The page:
Friday, October 10, 2014
I don't usually write about films I haven't seen yet, but I'm so excited about Christopher Nolan's upcoming film Interstellar that I just couldn't help myself. While I'm not a card-carrying member of the Christopher Nolan Fan Club, that's only because they apparently don't issue cards. I am an enormous admirer of Mr. Nolan's films, and it's safe to say that I've enjoyed everything he's done to a greater or lesser degree (with the exception of his debut, Following, which I have yet to see). He is, of course, best known for his Dark Knight trilogy of Batman movies, which brought a new level of seriousness to the ever-expanding genre of comic book adaptations. In addition to those films, which broke box office records and garnered a good deal of critical acclaim to boot, he's delivered a series of standalone features that seem determined to provoke more thought in their audiences than the average Hollywood blockbuster. Inception made close to a billion dollars worldwide while presenting a highly complex, layered story of dreams within dreams, capped of by a maddeningly ambiguous ending (significantly, it was an original story and not a sequel, remake, spinoff or adaptation); his earlier film, Memento, went so far as to present its storyline in reverse order. His other films, The Prestige and Insomnia (a remake of a Norwegian film), also went above and beyond the usual Hollywood fare with respect to intelligent, nuanced storytelling.
Given Nolan's sterling track record, his followers reacted with predictable glee when it was announced his first post-Batman project would be the serious space travel drama Interstellar. The film, which will be released in early November, concerns the plight of near-future earthlings who have determined that our planet's capacity to support life is quickly and irreversibly running out. If the human race is to continue, a new home world will have to be found. To that end, a team of astronauts embark upon an epic journey through a wormhole that takes them beyond the borders of our galaxy on a quest for a habitable planet, making the painful decision to leave loved ones behind, uncertain if they'll ever make it back.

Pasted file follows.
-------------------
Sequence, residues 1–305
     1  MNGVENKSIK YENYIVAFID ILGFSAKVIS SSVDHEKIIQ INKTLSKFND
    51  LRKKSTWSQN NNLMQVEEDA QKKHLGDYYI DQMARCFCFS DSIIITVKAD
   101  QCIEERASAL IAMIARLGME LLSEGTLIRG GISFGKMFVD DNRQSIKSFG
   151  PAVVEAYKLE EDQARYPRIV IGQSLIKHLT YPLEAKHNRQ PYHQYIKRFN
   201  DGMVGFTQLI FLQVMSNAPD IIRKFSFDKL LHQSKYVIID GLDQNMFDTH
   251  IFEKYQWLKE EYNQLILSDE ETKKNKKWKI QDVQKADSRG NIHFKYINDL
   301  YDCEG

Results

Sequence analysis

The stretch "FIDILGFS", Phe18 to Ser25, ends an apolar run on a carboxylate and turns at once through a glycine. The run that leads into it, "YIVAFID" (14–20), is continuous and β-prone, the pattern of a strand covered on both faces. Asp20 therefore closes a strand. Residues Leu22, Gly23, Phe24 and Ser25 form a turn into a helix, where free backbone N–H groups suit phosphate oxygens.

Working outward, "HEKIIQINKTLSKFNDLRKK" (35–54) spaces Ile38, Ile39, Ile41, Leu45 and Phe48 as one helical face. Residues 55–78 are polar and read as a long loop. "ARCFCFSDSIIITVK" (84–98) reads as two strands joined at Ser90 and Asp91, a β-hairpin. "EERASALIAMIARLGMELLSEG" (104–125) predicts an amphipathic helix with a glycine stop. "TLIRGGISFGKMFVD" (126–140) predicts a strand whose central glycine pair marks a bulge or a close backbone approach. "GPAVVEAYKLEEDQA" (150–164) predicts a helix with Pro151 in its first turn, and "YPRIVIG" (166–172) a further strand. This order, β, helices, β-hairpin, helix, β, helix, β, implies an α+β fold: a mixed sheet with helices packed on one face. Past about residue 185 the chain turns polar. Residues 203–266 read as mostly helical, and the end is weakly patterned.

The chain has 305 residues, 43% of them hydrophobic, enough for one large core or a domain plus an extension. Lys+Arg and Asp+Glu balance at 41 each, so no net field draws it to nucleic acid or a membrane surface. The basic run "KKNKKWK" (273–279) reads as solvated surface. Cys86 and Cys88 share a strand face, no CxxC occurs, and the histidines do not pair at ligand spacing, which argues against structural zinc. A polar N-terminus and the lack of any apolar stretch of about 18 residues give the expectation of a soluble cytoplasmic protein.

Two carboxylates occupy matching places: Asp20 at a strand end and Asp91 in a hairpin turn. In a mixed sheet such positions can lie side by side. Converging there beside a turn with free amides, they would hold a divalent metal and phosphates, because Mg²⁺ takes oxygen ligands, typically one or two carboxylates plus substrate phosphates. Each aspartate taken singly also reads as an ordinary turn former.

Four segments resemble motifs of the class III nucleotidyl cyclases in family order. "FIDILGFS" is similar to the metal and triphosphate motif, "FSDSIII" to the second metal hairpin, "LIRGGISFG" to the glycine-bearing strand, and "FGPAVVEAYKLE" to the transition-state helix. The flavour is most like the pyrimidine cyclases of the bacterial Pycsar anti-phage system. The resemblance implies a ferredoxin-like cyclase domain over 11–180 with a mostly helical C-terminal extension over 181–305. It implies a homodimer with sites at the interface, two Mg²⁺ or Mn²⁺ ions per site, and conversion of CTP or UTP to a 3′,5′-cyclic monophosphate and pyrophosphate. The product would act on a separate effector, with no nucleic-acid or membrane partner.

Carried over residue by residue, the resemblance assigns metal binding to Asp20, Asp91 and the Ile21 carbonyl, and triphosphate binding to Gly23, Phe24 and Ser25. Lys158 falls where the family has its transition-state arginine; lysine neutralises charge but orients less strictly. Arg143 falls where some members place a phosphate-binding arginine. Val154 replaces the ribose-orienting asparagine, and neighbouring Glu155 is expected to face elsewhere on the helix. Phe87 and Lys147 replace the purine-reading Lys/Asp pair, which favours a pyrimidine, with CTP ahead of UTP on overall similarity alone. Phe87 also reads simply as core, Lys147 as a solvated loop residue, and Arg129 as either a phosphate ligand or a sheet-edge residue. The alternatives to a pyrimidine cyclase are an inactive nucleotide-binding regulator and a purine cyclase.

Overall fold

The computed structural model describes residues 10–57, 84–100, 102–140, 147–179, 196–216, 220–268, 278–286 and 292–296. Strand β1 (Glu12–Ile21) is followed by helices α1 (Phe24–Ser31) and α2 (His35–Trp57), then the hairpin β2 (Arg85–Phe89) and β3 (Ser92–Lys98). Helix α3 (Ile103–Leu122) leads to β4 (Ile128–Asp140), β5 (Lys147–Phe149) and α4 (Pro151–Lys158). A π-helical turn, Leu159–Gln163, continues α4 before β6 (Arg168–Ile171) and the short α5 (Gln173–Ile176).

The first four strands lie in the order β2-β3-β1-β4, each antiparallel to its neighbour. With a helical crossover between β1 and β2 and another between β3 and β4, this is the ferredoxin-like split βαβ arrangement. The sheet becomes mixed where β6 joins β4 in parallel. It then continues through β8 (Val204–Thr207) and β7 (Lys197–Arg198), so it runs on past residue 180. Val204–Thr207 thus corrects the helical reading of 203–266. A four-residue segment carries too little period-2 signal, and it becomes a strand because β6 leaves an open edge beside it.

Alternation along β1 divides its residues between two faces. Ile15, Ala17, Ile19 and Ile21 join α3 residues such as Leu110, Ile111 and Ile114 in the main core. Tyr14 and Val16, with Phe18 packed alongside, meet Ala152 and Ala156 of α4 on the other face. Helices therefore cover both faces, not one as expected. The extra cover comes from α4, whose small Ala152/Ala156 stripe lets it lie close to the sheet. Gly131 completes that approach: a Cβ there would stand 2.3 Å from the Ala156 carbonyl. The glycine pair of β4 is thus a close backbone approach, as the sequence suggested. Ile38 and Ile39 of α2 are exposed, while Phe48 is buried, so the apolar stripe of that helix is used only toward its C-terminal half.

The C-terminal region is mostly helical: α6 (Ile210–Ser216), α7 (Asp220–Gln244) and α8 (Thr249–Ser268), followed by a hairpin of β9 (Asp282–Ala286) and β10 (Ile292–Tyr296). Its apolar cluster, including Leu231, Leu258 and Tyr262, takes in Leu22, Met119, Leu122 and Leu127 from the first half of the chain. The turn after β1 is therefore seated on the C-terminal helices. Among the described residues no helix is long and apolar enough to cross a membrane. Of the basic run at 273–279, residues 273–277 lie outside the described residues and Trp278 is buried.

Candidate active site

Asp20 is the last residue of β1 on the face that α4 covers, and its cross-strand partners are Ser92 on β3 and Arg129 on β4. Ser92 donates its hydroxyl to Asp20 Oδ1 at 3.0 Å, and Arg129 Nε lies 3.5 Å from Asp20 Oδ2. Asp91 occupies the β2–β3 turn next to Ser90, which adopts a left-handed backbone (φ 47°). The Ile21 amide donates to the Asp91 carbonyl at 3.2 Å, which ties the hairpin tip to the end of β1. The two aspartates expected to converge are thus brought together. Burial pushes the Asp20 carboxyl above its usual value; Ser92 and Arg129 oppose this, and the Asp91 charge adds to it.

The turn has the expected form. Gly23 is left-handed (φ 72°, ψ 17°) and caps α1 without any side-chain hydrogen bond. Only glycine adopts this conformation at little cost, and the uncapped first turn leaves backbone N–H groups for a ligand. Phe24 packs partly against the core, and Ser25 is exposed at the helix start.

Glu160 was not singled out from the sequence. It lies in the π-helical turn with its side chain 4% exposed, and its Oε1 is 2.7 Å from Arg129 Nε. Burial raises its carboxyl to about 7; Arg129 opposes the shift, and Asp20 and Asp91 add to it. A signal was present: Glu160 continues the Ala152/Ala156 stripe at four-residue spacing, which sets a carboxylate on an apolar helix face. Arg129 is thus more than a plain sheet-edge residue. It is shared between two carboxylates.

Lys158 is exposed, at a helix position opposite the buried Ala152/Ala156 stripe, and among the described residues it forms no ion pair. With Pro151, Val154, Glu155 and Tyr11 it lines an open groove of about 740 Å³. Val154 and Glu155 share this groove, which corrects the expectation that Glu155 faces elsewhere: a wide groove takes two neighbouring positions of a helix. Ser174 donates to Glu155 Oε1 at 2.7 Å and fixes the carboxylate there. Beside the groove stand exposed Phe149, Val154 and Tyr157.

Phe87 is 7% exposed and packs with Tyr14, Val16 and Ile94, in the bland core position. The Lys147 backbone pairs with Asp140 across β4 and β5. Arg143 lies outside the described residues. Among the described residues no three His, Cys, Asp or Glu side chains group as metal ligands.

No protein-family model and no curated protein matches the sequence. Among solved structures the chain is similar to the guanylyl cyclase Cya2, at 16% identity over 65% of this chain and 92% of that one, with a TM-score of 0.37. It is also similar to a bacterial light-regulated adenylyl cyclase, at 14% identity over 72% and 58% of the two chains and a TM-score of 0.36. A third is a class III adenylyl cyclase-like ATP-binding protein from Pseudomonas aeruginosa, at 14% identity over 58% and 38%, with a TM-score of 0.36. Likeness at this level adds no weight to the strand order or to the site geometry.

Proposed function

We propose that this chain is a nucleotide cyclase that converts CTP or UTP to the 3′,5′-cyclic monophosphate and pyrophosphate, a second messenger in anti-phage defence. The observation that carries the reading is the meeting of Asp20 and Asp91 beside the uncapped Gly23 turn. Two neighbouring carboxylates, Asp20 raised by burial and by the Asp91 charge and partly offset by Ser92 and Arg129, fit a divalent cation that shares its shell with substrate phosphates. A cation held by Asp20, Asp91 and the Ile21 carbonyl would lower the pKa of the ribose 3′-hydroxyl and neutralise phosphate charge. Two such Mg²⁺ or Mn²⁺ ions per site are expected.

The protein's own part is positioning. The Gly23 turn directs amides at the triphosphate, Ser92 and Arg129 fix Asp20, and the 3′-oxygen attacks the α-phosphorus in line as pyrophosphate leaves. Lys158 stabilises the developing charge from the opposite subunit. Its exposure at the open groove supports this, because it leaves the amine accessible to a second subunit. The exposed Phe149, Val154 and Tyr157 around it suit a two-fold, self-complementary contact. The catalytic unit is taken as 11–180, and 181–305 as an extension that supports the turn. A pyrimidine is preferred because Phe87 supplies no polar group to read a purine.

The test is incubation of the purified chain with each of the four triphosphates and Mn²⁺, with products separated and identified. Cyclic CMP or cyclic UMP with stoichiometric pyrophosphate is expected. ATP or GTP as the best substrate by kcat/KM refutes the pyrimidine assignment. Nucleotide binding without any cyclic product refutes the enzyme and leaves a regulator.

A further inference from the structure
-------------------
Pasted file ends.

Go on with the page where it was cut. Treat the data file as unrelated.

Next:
There are a number of reasons I feel that Interstellar is poised to become not only one of the best films of the year, if not the decade, but another big hit for Nolan as well, starting with the man himself. In addition to being an incredibly gifted filmmaker, Nolan is a film purist; he's one of the few directors left who insists on shooting his pictures on honest-to-God celluloid film, something I feel is to be applauded. Interstellar is actually being released to selected theaters on film, in both 35mm and 70mm formats, a few days ahead of its digital release date. In addition to that, he's one of the only directors who uses the large IMAX format to its full benefit. Increasingly large portions of several of his previous films have been filmed with IMAX cameras (and not just blown up after the fact), and Interstellar is no exception; Nolan truly understands the immersive capability of the format. He also shuns the disappointingly ubiquitous gimmick of 3D, and he's devoted to the use of practical effects over CGI whenever possible, which can't help but make his movies more realistically engaging in a tactile sense.